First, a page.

One day, Veronica and I went to a home and garden show. I had no intention of buying anything, but she wanted new furniture. I made it very clear that I did not want to buy new furniture for our new house. I thought the furniture we had would work just fine. But Veronica – being the savvy saleswoman she is – took me to where they were holding a furniture auction. Before I knew it, I was caught up in the frenzy. I raised my hand to bid and I was hooked.
At the end, I walked out with thousands of dollars silent auction donation ideas of furniture that I had had no intention of buying. The items up for bid at half their retail price. However, I let my competitive spirit get the best of me and I got caught up in the buying frenzy. After several winning bids, I walked out feeling like I had gotten some great deals. But I still paid more than I had expected, because I never planned to buy anything in the first place. Then I had a money-making moment. I realized I could start selling my houses at auction.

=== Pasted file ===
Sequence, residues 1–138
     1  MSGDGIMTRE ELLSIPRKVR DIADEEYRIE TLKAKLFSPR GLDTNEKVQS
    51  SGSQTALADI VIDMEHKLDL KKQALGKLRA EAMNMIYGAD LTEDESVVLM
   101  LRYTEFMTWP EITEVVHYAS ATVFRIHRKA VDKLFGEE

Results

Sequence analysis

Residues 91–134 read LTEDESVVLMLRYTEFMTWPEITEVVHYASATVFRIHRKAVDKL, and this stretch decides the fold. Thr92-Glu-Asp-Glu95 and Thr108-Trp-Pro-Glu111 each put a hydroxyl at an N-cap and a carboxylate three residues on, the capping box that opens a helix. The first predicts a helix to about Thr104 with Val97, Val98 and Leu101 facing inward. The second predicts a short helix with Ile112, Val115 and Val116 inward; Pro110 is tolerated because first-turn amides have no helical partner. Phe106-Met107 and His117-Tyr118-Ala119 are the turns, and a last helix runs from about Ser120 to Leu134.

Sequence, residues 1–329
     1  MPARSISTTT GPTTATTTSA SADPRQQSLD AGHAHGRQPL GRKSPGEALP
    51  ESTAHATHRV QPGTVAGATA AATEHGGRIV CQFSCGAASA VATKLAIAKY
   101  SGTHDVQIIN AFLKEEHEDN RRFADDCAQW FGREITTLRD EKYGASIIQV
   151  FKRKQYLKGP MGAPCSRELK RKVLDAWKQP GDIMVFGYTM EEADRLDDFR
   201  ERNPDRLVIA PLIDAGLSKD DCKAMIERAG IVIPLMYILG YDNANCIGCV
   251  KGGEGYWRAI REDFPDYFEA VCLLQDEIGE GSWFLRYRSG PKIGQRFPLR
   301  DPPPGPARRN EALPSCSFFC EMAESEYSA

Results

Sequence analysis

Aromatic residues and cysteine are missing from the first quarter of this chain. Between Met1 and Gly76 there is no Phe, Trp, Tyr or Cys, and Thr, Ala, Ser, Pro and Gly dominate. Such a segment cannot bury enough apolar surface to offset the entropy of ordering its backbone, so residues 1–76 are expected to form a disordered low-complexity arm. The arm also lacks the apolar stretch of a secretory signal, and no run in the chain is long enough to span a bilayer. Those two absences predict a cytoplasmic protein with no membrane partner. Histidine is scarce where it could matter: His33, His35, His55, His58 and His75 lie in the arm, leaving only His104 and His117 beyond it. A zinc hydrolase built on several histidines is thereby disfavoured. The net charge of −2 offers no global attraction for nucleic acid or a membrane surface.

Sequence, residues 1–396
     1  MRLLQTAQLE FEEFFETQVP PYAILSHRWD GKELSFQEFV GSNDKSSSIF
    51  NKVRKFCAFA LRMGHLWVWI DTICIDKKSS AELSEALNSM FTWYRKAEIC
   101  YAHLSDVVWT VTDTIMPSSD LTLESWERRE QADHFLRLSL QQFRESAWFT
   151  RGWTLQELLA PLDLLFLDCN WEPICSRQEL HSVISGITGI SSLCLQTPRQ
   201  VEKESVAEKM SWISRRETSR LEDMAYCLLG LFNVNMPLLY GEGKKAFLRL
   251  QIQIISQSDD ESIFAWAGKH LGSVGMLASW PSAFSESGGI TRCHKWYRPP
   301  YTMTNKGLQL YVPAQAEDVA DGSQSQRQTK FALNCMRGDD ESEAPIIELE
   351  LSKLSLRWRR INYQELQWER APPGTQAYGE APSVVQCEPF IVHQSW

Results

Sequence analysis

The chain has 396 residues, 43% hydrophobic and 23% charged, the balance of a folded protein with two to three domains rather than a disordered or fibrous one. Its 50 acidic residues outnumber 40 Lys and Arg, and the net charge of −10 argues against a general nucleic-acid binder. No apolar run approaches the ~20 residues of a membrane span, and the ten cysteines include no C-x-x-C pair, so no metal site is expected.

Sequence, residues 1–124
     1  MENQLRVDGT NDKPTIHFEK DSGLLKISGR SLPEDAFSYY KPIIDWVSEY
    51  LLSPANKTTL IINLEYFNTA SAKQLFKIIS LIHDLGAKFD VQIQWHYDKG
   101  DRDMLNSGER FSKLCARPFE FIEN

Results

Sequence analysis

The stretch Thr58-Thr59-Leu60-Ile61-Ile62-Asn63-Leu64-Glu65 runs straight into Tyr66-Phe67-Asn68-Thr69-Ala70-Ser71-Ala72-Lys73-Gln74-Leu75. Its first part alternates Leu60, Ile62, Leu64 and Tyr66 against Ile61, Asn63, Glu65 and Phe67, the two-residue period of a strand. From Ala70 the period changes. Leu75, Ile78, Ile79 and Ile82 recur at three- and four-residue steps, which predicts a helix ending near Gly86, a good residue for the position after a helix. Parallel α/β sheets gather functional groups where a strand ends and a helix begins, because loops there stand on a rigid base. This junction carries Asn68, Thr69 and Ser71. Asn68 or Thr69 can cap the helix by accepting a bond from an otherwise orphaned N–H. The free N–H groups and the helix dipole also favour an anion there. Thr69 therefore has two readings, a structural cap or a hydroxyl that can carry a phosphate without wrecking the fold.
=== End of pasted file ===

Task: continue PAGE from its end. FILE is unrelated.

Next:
At first, nobody showed up at my house auctions. I realized starting bids at full price didn’t work. I kept tweaking it. I found that when I started bids at half price – just like at the furniture auction – I got lots of bids. Instead of having a speaking auction, I also turned it into a silent auction. Instead of two-hour bidding window, I have it the full weekend. This helped push the prices higher. People who got the houses were thrilled because they had beaten out so many people to buy it. Now my houses up for auction sold in a weekend. This helped move inventory and turn equity into profits much more quickly.
I also found new ways to market my houses. I posted banners and signed and handed out fliers throughout the neighborhood.
People in the neighborhoods where we sold houses were usually very supportive. Many were happy that we could take a beat-up house – often an eyesore – and turn it into something beautiful. They were grateful because their house values went up, too.